If you have obstructive sleep apnea (OSA), the most common type of sleep apnea, then CPAP therapy is the gold standard in treatment. It’s available from the sleep experts at The Insomnia and Sleep Institute of Arizona, where we also offer alternatives like the Inspire implant. Implants can be helpful for the rare patients who do not find relief after properly using CPAP therapy. However, everyone is required to try to adhere to the CPAP treatment before other forms of therapy can become available. If you suspect you have OSA but aren’t sure, the first step is scheduling a consultation with our outcome-driven team.
The most common sign of OSA is snoring. However, for those who don’t share a bed, you may not know whether you snore or not. Other signs include waking up gasping in the middle of the night but, again, you may not remember this the next day. Subtler signs of OSA can include feeling fatigued the next day even though it seems like you got enough sleep. OSA can affect your mood, job performance, and relationships, too. If you do have OSA, your first meeting with our sleep experts will be with someone who can diagnose sleep disorders. The next step will be testing and treatment.
CPAP in Phoenix and on a global scale requires adhering to best practices. This means that your CPAP machine will track how often you’re using it while asleep and will “report back.” This is a must in order for insurance policies to cover your CPAP therapy. A minimum of four hours per night using CPAP is the standard. If you do not use your CPAP for at least four hours nightly, you will be considered not in adherence to your treatment program.
There are many factors that go into determining how well a person adheres to Phoenix CPAP therapy, including the age of the patient, the CPAP machine and accessories selected, and fit. However, a new study from Yale discovered that those who are “morning people” tend to use their CPAP machines longer compared to their night owl counterparts. Researchers initially set out to see if our biological clock affects CPAP adherence.
Morning Birds and CPAP
The full study can be found in the Annals of the American Thoracic Society. The investigation team also undertook a secondary analysis of the existing Apnea Positive Pressure Long-Term Efficacy clinical trial. The Morningness-Eveningness Questionnaire was used for participants in a randomized study. The three types of categories included morning, evening, and intermediate. Data was collected over six months via a linear mixed model, adjusting for differences like sex, marital status, and age. A mediation analysis of sleep duration, depression, and “weekend catch-up sleep” along with other factors was also considered.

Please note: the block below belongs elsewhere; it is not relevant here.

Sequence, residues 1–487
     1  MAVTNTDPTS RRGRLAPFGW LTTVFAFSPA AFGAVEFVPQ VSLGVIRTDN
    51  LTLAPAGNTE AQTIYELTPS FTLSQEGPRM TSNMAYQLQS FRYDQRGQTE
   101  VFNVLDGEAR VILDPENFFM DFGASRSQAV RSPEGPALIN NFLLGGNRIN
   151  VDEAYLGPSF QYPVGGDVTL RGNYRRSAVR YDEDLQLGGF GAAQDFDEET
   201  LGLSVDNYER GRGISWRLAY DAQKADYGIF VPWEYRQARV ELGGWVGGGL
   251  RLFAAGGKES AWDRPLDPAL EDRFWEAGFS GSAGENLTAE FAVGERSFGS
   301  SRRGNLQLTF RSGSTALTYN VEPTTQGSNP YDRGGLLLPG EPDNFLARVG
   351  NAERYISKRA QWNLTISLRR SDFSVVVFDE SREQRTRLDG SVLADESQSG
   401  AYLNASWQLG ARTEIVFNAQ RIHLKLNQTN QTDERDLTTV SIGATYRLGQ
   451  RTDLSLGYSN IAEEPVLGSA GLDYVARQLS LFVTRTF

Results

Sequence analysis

The majority of people in the study were obese men struggling with severe OSA. Being obese and male heightens your risk of having OSA. Of the participants, 44 percent were morning people, 47 percent were intermediate, and eight percent were evening people. Those defined as morning people had the shortest sleep on the weekends at 7.3 hours on average. They don’t “catch up” on sleep during the weekends, and doing so has long been known to be an important sleep hygiene best practice.
Abiding By CPAP
Those who were morning people also used their CPAP machine 40 minutes longer compared to those in the intermediate chronotype group. The researchers say, “Morning chronotype is associated with a clinically meaningful increase in CPAP adherence compared with other chronotypes.” However, 40 minutes can be meaningful. After all, since Phoenix CPAP adherence is “just” four hours per night, 40 minutes can make the difference between adhere to CPAP treatment—or not.
When you don’t adhere to CPAP treatment, not only might you lose insurance coverage but you’re also not getting the most benefits. The researchers note that a better understanding of CPAP adherence is a must in order to take steps in improving it. Being a morning person might be one predictor in how well a person will use CPAP treatment, but trying to force yourself to be a morning person probably isn’t the best strategy.
We will work with you to determine the best Phoenix CPAP therapy for you and support you throughout the process. If you think you have OSA or have already been diagnosed and want to start treatment, contact The Insomnia and Sleep Institute by calling the clinic or filling out the online contact form.